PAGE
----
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Eur J Paediatr Neurol. 2019 Feb 8. pii: S1090-3798(18)30392-1. doi: 10.1016/j.ejpn.2019.01.008. [Epub ahead of print]

Modalities of reading acquisition in three siblings with infantile-onset saccade initiation delay (Cogan congenital ocular motor apraxia): A longitudinal study.

Author information

1
Faculty of Psychology and Educational Science, University of Geneva, 28 Bd Pont d'Arve, CH-1211, Genève 4, Switzerland. Electronic address: Marjolaine.Cohen@unige.ch.
2
Faculty of Psychology and Educational Science, University of Geneva, 28 Bd Pont d'Arve, CH-1211, Genève 4, Switzerland.
3
Pediatric Radiology, Children's Hospital of Geneva, Switzerland.
4
Pediatric Ophthalmology, La Tour Hospital, Geneva, Switzerland.
5
Pediatric Neurology Unit, Pediatric Subspecialties Service, Children's Hospital of Geneva, Switzerland.

Abstract

This study aims to ascertain the impact of congenital ocular motor apraxia (COMA), alternatively called infantile-onset saccade initiation delay (ISID), on reading acquisition. More specifically, the consequence of defective initiation of horizontal saccades during reading acquisition was investigated. Three siblings (A: male, 11y3m at the first time-point of testing (i.e. T1 hereafter); B: female, 7y3m at T1 and C: male, 5y9m at T1) suffering from ISID were assessed longitudinally over 3 years in various reading tests and their eye movements simultaneously registered. At each time-point, they were compared to control participants matched on reading level. Eye movements during reading tasks were markedly abnormal in children with ISID at the beginning of reading acquisition and their reading scores were poor. With time, the number of fixations, small amplitude saccades and their reading abilities became comparable to those of control children. Despite the abnormal eye movements and difficulties in specifically directing the eyes to the appropriate position, children with ISID do not seem to encounter major difficulties during reading acquisition, although mild delays might be observed during the early stages.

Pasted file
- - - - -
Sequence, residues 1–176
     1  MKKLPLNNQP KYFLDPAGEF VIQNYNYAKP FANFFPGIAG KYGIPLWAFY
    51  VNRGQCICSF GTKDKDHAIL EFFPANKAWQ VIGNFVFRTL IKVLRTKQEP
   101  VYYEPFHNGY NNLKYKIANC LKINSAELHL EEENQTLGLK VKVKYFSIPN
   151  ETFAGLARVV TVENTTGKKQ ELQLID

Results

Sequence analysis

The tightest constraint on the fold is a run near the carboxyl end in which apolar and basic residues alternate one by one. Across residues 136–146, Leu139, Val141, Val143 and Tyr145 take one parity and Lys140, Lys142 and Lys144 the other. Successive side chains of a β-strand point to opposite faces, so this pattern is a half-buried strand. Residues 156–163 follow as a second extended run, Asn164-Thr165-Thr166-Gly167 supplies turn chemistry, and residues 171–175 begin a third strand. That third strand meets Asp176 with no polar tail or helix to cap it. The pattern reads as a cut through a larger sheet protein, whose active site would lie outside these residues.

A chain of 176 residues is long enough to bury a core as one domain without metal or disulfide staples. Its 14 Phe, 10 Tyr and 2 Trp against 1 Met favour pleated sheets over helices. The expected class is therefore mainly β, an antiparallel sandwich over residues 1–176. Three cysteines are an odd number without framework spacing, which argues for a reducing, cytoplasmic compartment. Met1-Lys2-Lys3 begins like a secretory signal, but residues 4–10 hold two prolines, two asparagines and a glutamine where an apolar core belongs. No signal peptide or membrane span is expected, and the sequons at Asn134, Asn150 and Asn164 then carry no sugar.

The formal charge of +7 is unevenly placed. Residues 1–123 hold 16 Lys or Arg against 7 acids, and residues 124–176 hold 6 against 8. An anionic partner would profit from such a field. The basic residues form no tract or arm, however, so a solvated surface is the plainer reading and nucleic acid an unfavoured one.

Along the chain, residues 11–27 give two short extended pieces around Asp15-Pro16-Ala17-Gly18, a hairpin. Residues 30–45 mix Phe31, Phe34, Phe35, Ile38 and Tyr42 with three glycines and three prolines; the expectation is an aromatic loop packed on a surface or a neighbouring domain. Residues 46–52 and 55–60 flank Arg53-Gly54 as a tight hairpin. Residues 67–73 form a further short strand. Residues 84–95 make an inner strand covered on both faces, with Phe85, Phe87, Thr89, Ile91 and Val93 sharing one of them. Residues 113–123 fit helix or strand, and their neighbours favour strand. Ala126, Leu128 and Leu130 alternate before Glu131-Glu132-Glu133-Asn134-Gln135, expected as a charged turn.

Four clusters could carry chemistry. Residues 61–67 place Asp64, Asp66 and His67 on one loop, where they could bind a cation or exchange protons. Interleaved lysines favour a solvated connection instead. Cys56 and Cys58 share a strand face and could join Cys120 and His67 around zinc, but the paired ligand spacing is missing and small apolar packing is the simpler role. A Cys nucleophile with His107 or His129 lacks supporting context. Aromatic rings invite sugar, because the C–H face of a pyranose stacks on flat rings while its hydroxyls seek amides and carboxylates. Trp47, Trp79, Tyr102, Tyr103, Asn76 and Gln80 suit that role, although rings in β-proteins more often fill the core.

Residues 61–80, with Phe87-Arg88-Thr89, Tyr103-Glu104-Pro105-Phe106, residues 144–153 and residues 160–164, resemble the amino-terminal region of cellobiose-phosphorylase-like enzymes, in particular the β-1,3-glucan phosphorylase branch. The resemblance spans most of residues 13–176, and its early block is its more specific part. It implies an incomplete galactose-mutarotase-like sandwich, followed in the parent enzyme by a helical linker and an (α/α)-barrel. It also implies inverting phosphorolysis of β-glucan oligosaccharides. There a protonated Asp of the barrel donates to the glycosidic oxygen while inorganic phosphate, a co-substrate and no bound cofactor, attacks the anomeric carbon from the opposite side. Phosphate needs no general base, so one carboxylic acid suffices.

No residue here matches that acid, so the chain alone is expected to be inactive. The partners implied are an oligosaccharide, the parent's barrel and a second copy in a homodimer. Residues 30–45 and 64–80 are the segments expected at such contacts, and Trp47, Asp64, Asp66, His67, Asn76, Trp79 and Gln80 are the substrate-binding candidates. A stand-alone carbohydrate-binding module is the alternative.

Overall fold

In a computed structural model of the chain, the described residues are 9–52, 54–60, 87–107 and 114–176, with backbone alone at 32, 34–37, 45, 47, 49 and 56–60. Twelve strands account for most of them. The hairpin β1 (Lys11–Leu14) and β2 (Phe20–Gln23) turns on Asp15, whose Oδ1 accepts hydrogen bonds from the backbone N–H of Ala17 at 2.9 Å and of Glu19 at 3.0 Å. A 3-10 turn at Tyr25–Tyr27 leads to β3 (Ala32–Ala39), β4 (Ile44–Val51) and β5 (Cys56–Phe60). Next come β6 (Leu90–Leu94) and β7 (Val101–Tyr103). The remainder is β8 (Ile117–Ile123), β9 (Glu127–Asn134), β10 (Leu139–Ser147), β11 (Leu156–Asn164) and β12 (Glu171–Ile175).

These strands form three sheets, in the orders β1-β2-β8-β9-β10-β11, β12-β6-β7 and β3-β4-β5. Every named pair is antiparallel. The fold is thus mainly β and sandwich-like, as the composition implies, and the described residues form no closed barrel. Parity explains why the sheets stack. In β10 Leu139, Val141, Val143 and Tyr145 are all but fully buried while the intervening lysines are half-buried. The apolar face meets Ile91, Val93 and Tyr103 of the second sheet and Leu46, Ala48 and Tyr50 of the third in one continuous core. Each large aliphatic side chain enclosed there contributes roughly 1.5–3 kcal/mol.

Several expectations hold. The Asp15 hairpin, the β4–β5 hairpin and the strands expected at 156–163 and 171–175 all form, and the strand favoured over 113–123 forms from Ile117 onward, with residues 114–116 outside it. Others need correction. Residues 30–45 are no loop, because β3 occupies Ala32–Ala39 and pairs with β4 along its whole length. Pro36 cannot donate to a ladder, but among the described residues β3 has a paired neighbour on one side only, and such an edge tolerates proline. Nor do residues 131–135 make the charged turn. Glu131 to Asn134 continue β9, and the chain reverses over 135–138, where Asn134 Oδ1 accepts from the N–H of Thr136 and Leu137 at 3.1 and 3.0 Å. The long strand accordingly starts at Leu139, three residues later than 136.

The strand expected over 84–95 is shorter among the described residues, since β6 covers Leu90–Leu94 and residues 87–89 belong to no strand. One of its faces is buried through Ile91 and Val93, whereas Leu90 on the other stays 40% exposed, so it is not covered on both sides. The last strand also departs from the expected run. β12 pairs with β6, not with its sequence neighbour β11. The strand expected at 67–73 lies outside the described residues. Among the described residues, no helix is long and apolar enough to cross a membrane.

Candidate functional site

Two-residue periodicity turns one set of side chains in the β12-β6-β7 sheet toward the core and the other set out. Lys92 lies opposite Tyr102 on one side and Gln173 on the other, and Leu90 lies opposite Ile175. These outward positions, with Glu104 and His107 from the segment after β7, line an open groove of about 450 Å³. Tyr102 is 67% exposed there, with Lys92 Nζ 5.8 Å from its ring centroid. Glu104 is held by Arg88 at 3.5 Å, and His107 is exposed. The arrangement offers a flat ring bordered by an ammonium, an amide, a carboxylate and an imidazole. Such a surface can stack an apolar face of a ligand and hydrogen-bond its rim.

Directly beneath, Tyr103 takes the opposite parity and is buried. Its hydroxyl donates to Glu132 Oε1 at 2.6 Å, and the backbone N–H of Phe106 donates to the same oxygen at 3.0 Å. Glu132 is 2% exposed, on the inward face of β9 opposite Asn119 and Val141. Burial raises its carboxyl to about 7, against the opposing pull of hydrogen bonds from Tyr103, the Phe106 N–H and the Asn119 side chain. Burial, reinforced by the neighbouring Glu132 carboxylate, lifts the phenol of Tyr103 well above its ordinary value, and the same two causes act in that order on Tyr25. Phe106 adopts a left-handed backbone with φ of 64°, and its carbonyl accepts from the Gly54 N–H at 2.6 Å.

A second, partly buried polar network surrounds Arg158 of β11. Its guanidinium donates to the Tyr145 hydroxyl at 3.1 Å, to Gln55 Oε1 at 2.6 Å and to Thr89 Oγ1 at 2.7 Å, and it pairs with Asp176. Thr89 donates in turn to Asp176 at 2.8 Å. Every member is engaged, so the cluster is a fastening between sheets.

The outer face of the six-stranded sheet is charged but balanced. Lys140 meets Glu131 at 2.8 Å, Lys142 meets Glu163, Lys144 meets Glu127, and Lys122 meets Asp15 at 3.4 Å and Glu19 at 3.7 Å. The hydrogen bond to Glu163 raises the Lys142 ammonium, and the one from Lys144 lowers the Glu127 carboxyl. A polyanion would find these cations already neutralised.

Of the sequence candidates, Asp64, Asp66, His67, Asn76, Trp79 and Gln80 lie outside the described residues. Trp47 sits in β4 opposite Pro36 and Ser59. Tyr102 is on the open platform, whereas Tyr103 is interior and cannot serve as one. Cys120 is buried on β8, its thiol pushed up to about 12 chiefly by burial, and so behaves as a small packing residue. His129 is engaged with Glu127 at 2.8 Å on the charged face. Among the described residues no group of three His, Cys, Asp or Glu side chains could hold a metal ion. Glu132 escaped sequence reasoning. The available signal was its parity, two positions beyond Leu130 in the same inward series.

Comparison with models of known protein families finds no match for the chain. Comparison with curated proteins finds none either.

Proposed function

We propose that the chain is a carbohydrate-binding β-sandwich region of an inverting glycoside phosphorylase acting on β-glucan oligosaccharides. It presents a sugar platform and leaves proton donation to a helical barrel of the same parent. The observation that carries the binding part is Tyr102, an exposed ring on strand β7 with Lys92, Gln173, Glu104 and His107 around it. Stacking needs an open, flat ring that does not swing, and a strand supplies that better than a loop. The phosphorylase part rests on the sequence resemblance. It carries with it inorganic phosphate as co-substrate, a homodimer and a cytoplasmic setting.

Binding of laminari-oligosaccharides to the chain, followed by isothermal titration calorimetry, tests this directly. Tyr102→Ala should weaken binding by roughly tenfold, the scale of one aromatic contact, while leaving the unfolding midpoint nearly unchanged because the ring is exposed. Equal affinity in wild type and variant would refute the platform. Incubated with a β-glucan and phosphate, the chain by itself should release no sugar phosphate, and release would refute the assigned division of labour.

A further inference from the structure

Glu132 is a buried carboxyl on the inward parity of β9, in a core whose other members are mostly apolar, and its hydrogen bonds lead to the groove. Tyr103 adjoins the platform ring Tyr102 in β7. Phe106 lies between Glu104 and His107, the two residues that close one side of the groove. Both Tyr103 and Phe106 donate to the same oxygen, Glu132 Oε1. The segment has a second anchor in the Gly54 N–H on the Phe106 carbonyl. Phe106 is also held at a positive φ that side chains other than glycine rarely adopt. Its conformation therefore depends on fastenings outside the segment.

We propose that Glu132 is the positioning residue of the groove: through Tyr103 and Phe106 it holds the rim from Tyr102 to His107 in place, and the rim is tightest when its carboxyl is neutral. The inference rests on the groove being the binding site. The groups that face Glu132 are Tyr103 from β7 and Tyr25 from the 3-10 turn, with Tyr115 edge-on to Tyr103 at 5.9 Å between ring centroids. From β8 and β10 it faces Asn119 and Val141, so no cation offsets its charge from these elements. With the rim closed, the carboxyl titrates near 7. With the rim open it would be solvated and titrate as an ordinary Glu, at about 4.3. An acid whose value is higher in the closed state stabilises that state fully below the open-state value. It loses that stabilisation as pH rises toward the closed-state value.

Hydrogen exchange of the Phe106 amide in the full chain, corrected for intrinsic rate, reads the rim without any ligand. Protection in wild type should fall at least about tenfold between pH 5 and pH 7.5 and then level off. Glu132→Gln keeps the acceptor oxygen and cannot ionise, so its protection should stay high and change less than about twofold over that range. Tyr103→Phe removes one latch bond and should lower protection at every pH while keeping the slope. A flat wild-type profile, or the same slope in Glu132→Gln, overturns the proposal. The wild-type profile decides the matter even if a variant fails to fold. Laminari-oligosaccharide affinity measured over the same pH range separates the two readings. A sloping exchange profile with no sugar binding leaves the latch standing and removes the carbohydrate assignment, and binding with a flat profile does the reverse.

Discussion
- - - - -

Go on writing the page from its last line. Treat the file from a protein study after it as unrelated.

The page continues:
KEYWORDS:

Children; Congenital ocular motor apraxia; Eye movements; Reading

PMID:
30782493
DOI:
10.1016/j.ejpn.2019.01.008

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